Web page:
NEW YORK — Wall Street cheered retailing’s mega-merger Thursday, saying Federated/Macy’s fat pencil will mean bigger profits for the company and better values for consumers.
Analysts said if Federated Department Stores wrings out cost savings, the postmerger company could be a good buy. Federated closed Thursday at 20 5/8, up 3/8 in trading on the New York Stock Exchange, and one analyst, who spoke on the condition of anonymity, said he saw Federated stock soaring to $33 to $35 a share in 12 months.
The $4.1 billion consensual plan to be filed Aug. 1 will include $1.95 billion in debt and $1.8 billion in stock, Federated and Macy said Thursday. It will also include $378.3 million in cash.
The debt includes $963.3 million in unsecured notes, $713.9 million in mortgage debt and $267.8 million in deferred tax obligations.
Under the plan, $1.12 billion in stock will be distributed subject to certain formulas related to the trading price of Federated common stock, along with $125 million in five-year and seven-year warrants.
Edward F. Johnson, at Johnson Redbook Service, said both companies are operating lean, having gone through bankruptcies, helping them handle the high debt load needed to complete the merger.
“They both got rid of a lot of dead wood in each of their bankruptcies and should avoid falling back into bankruptcy. The higher interest costs will hurt them at first, but earnings should bloom later,” he said.
Analysts expect high interest costs from the merger to dilute Federated’s earnings in 1994 and 1995 but expect earnings to blossom once synergies are realized.
Rosemary Sisson, vice president at Salomon Brothers Inc., New York, said the merger was good news for consumers because the new chain would wield more clout with vendors and thus be able to deliver better value to consumers.
Sisson dismissed the notion that the merger would result in less competition and predicted Federated would be able to run a “tight, successful ship.”
“In as competitive an industry as retailing, size is important because it means clout with vendors and in private label. That means more value to customers,” she added. “The larger the corporation, the better to leverage the costs of technology and people. It will help make the bottom line bigger.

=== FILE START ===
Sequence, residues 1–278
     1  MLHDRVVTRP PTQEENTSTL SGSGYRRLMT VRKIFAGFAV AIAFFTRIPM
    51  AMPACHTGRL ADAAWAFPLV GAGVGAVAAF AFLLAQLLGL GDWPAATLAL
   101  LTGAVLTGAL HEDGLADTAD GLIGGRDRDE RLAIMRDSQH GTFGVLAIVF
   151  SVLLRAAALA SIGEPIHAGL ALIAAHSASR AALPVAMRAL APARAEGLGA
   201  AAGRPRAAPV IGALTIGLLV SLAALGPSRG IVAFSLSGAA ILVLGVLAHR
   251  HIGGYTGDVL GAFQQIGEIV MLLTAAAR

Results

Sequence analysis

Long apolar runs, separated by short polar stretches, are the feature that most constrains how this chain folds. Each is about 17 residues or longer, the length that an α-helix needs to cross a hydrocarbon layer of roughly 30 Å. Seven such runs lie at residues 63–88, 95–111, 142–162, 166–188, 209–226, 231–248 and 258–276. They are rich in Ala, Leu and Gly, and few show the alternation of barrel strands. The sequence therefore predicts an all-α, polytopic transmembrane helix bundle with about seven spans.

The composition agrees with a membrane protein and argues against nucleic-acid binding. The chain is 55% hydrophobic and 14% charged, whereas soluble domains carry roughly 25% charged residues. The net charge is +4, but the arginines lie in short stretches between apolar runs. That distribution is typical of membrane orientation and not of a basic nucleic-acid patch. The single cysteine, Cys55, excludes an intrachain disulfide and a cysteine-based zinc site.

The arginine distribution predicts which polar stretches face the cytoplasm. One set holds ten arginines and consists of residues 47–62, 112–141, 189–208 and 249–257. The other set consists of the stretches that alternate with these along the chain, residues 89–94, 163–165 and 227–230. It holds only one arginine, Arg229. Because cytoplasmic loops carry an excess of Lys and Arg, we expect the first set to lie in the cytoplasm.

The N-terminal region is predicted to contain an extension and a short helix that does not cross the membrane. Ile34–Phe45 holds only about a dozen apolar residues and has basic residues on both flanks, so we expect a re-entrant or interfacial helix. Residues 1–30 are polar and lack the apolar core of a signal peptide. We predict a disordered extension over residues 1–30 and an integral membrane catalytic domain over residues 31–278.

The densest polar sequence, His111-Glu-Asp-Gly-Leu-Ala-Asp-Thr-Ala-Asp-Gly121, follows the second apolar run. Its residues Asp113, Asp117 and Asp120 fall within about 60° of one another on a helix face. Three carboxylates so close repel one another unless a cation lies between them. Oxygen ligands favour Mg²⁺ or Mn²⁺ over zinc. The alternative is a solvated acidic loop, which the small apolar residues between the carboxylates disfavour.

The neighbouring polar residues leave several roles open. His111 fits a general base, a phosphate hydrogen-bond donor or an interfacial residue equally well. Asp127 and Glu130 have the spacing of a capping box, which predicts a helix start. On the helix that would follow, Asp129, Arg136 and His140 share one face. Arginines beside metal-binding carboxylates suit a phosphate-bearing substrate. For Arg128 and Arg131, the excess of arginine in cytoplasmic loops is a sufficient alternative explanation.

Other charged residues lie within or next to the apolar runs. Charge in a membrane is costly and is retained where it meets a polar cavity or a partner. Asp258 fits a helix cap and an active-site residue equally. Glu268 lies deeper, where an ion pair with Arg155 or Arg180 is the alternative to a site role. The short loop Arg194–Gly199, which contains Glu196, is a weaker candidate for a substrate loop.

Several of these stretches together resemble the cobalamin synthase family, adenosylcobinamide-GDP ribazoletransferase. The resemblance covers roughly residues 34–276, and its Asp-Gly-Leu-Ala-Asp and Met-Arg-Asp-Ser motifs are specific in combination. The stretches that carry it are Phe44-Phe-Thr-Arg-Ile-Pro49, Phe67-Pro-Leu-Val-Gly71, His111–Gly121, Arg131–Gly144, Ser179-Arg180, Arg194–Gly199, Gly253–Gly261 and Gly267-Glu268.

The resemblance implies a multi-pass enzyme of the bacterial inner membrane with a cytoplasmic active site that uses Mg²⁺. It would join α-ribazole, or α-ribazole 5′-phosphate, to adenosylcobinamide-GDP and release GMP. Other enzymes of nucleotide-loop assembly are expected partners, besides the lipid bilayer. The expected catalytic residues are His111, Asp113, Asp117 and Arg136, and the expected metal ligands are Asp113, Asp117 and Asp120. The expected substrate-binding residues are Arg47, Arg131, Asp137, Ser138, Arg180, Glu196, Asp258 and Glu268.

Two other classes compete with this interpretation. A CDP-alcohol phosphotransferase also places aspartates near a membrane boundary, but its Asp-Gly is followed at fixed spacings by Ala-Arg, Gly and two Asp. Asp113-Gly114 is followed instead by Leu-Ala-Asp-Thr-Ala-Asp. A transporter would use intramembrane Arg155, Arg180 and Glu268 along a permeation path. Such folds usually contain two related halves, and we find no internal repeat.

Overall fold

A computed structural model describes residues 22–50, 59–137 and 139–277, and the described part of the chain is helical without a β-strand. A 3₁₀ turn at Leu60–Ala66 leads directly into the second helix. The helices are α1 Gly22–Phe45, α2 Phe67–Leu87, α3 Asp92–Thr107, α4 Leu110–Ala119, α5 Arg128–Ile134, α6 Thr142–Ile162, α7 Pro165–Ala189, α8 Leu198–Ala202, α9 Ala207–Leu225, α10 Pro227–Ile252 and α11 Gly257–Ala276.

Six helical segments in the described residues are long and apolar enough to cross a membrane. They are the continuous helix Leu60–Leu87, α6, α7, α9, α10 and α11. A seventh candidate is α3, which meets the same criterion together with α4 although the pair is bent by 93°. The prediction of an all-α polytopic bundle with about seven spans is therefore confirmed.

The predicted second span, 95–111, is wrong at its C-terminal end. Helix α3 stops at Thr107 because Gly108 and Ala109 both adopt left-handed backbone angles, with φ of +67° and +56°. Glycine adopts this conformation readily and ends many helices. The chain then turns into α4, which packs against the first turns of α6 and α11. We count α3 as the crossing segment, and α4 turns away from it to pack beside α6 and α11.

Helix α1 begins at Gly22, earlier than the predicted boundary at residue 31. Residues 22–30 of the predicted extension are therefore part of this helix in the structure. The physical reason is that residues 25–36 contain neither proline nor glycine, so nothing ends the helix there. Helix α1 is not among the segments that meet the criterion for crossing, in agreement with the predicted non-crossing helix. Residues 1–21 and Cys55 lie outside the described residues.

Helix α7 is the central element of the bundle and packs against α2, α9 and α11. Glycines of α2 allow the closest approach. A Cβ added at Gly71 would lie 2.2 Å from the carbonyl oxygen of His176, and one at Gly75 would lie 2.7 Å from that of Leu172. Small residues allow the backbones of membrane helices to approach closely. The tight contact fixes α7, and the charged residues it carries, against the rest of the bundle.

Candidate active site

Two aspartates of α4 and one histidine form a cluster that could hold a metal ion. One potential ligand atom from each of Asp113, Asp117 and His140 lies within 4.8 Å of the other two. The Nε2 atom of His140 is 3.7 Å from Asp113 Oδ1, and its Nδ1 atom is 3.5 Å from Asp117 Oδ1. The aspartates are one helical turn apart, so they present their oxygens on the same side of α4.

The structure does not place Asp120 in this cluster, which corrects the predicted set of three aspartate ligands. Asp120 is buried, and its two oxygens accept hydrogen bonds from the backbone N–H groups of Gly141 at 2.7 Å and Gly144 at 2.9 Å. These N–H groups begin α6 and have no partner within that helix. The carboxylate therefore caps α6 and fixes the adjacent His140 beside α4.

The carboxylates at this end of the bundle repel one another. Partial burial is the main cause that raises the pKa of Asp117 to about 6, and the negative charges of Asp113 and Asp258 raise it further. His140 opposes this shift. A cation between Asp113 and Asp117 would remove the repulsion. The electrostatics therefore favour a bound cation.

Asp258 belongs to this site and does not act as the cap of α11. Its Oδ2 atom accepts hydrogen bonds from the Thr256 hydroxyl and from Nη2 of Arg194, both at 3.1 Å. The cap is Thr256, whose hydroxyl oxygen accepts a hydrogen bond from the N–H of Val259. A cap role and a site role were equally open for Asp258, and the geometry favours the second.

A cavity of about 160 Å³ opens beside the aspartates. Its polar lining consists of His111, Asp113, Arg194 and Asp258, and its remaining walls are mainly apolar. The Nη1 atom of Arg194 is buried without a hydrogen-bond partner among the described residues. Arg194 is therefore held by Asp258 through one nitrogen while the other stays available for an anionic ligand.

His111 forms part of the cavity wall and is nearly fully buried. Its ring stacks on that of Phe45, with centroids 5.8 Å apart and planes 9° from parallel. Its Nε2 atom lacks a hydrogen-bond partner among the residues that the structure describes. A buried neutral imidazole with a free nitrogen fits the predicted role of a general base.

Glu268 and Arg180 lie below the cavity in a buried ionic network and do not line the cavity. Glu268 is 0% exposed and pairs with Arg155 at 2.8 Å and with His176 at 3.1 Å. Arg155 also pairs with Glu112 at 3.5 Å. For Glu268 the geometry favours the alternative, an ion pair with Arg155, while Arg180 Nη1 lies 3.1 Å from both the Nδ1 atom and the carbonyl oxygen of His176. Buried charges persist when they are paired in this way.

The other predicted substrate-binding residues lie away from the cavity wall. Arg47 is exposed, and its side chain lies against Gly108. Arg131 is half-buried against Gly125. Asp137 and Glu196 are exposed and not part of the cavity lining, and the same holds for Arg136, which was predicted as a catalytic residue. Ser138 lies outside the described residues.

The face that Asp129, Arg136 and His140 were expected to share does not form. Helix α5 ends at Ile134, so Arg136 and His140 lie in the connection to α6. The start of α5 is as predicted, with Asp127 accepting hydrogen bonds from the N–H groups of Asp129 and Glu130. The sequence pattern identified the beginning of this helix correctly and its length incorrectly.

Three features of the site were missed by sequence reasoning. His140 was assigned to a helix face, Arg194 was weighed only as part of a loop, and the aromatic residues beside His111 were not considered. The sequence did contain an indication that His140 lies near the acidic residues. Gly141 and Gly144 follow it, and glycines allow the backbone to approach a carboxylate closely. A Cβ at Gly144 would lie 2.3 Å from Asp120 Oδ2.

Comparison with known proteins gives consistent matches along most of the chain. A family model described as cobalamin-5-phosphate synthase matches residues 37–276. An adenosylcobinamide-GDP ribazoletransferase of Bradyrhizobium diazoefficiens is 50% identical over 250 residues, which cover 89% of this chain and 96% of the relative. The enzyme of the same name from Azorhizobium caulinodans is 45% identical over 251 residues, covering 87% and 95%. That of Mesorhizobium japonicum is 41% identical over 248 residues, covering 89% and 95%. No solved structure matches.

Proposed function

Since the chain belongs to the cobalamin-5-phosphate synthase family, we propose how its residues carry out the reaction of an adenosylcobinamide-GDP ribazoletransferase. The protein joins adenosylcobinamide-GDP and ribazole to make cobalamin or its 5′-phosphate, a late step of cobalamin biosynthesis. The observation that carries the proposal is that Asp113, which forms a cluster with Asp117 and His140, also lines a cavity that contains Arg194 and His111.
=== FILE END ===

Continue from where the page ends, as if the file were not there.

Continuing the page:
“It’s marvelous for American retailing,” said Laurence C. Leeds Jr., managing director at Buckingham Research. “The synergies are more profound than meets the eye. Both are more similar than dissimilar, and both have excellent management.”
“The future of department store retailing is alliances and mergers,” said Peter N. Schaeffer, at Dillon Reed. “I don’t know if the merger was best for creditors and consumers, but it was inevitable.”
Salomon’s Sisson said she expects Federated to experience some bumpy periods ahead, but she noted that May Department Stores got bumped around through its mergers and is now doing “an excellent job” in a large operation. May Co. merged with Associated Dry Goods in 1986.
Sisson said it would be wrong to view the competition at retail as simply department stores versus department stores. “Specialty stores and discounters now compete in the same arena,” she said, “People shop where they think they will get the best value, without worrying about what it says on the side of their shopping bag. People don’t want to be taken.”
Most analysts agreed with long-held market speculation that A&S and Macy’s would merge and look for either May Co. or Dillard Department Stores Inc. to acquire Macy’s stores in Atlanta.
As in most mergers, analysts look for significant layoffs at the corporate level. Store closings will add to the ranks of unemployed.
Schaeffer expects May Co. and Dillard “will continue their aggressive pursuit of other chains to increase their arsenal.” “The days of the independent department store are over,” Schaeffer said.
“It’s going to be a powerhouse,” said David A. Poneman, at Sanford C. Bernstein & Co. He expects Macy’s stores will benefit from gaining a better capital-spending plan.
— Fairchild News Service

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